Book Review: the Empire of the Steppes

The Empire of the Steppes: a History of Central Asia by Rene Grousset. Published in 1970 by Rutgers

I picked this book up two years ago because I had a vague interest in the steppes and Central Asia and I’m really glad I did. While it is an old book, originally published in 1939, it is surprisingly sympathetic to the various tribes and races discussed. There are some glaring word choices that reveal its age (like using orientalist unironically), but it didn’t impact the overall reading experience. It is an in depth and compelling overview of the steppes from early human history to the 18th century. The first two chapters of the book are hard to get through, especially for someone like me who didn’t know anything about the region before reading the book. I’d actually recommend skipping the first two chapters and start with Genghis Khan as that is when Groussett’s writing shines the brightest.

This book is considered to be a must read for anyone who is interested in Central Asia and I think that’s true for two reasons. One, it provides a great foundation for understanding Genghis Khan’s and Tamerlane’s empires. Two, it seems to be the origin of many stereotypes and misconceptions about the region, especially in its relationship to the West.

I like to read older books, because I like to see how the narrative of a region, a person, or a historical event has evolved. This book was very insightful, because a lot of modern narratives surrounding Central Asia, seem to have either originated with this book or became popular with this book.

There are three narratives that comes up often in this book which seem quaint:

  • There was a battle between the Christian West and the Islamic East and the ‘good’ Mongols were those who either tolerated Christianity or were outright hostile to Islam
  • Tribes can be understood through generic traits and they were uncivilized and barbaric and only became civilized through interactions with sedentary tribes
  • Genghis Khan won because there is something inherently warriorlike about his tribes, not because of a utilization of technology or tactics

That being said, it is clear that Rene respects Genghis Khan and those chapters are the most exhilarating and interesting. It does a great job painting the extend of Genghis’ domain and the unstable nature of the region. I didn’t realize how many civilizations Genghis Khan’s forces either interacted with or conquered. It was also a fascinating look at Persian, Russian, Turkic, Eastern European, and Middle Eastern kingdoms and the development of those regions-regions that are never discussed in American history classes.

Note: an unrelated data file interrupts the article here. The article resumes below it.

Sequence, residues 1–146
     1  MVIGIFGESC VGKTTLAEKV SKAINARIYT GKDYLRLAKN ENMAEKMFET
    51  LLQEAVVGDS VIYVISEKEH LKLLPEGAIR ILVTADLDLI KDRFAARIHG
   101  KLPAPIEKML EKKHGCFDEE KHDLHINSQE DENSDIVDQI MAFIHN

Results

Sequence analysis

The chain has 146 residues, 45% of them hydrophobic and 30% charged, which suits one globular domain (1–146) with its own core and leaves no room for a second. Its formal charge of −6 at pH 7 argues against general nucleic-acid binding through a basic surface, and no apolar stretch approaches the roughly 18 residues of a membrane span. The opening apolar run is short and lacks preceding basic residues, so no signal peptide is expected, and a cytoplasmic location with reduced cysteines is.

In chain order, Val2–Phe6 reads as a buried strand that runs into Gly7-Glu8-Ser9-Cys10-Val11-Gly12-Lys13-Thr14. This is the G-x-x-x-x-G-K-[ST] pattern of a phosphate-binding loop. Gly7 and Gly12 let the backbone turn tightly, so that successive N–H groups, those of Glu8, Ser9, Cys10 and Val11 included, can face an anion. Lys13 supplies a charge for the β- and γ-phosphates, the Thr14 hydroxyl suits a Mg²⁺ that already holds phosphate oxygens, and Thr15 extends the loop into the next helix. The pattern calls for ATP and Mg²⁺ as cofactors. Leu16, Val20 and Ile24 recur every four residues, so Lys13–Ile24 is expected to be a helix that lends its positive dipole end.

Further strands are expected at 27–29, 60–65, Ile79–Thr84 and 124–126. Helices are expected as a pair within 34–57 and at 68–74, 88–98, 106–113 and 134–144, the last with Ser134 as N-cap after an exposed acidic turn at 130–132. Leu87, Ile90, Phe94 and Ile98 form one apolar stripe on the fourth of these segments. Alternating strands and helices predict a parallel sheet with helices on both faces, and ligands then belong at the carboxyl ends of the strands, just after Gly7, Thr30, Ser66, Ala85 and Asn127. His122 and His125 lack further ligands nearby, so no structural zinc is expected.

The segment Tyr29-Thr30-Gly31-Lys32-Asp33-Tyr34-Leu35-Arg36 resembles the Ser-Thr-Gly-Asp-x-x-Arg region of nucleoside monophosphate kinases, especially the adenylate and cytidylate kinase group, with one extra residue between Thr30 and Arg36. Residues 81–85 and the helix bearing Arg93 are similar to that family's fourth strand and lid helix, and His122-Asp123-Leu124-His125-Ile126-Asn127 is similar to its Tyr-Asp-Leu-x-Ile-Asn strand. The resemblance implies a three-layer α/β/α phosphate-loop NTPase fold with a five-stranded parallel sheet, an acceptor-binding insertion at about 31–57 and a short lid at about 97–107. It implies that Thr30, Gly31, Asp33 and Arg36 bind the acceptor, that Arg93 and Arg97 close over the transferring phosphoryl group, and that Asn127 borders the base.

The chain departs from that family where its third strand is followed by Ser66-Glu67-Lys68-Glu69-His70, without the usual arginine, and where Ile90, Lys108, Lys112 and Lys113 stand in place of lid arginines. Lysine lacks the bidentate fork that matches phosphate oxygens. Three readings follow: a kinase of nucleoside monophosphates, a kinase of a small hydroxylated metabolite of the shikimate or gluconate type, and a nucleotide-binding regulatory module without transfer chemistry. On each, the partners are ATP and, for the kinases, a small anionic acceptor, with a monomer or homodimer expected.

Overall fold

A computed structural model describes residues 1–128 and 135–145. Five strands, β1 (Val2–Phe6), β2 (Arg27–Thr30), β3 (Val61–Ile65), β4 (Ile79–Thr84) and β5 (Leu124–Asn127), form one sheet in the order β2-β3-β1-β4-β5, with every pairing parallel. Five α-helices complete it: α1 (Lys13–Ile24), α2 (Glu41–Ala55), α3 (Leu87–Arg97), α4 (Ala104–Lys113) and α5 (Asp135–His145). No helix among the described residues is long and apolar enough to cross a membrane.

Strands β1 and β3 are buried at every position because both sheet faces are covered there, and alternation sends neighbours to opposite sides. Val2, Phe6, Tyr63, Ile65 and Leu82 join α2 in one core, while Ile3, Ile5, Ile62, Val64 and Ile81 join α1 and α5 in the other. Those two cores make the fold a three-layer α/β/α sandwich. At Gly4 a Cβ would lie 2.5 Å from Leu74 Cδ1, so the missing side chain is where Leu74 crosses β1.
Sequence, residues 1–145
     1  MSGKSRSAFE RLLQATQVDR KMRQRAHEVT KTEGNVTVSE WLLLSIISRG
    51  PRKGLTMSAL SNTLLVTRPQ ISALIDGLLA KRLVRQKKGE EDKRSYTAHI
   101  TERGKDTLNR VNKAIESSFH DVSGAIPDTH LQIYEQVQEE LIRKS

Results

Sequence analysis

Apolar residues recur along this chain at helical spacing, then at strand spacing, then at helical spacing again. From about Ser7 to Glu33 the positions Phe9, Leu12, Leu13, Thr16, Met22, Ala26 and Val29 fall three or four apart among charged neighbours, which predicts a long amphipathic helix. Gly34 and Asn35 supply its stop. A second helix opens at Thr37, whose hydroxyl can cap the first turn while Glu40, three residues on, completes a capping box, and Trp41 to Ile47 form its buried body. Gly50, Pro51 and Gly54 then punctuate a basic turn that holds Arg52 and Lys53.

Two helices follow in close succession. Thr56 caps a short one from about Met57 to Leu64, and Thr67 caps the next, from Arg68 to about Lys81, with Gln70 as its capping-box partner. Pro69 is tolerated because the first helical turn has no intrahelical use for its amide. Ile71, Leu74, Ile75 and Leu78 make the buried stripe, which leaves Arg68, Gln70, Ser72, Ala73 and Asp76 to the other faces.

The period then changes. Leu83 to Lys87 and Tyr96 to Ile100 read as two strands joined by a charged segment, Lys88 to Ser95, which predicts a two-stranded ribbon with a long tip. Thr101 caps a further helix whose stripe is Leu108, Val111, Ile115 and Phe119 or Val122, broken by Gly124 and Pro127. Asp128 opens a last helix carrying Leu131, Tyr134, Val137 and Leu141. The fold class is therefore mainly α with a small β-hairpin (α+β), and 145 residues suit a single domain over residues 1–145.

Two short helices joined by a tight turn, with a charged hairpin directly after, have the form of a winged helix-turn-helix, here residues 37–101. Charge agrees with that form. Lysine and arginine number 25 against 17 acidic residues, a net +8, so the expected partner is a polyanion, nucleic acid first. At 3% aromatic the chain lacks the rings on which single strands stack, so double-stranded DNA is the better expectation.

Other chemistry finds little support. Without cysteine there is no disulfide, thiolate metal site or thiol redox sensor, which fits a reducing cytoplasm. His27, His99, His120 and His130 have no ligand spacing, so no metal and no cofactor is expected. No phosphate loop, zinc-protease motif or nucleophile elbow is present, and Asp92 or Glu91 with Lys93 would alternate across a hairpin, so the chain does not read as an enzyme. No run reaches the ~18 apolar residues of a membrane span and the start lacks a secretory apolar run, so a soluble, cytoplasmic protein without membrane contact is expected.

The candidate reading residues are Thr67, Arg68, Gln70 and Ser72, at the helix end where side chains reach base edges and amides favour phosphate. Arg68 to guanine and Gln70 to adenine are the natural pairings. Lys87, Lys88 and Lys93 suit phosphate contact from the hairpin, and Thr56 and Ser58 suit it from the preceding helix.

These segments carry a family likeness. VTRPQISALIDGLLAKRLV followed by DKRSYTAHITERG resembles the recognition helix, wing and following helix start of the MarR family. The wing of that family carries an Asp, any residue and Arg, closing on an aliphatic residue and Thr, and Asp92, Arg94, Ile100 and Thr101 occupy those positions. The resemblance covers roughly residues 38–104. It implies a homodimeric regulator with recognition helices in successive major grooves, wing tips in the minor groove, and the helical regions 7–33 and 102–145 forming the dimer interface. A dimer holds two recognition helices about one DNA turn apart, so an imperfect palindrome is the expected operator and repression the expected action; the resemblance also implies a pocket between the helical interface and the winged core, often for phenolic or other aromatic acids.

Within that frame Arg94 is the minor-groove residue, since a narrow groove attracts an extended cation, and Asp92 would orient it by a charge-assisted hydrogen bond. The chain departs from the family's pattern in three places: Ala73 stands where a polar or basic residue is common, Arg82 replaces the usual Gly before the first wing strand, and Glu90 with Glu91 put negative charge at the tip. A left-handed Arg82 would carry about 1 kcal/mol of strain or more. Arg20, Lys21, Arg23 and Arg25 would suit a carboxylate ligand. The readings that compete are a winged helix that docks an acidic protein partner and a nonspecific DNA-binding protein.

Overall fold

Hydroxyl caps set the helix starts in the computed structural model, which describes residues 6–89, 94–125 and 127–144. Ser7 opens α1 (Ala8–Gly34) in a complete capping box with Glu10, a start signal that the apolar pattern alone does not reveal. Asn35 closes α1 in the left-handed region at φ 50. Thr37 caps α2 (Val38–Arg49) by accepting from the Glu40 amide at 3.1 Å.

I also enjoyed the time Rene spent on discussing Batu and Subutai. I was vaguely aware of these two warriors because of Phob’s gorgeous look on Deviantart. I’d recommend checking them out. Rene provides a surprisingly insightful look at Batu’s achievements and his place within Genghis Khan’s kingdom. Again, I didn’t realize that Batu lead the Mongol invasion of Eastern Europe, getting all the way to Hungary nor did I realize how integral he was to deciding who would succeed Genghis after he died.

Rene is just as detailed when describing Tamerlane’s conquest, but it is obvious that he is not as impressed with Tamerlane as he was with Genghis Khan. I was also disappointed with how he handled Attila. Attila got a few pages and that was it.

Overall, this was an interesting book to read as long as one kept in mind the quaint theories that drive the core of the book.

Pros: It provides an in depth and fairly complimentary look at Genghis Khan’s and Tamerlane’s empires. The best part of the book are the chapters dealing with Genghis Khan’s conquests. I found it insightful and it gave me a great understanding of how the region has been shaped by nomadic tribes. In America, I don’t think we understand nomadic lifestyles nor did we give them enough credit in shaping world history. This book gave me the overview of life on the steppe that I was lacking.

Cons: It is an old book and so some of the word choices are quaint and the major theories that the book rests on are incorrect or stereotypical. Additionally, the first two chapters of the books are dense, a lot of it has proven incorrect, and hard to get through. I would recommend skipping to the chapters that discuss Genghis Khan as that is the heart of the book.

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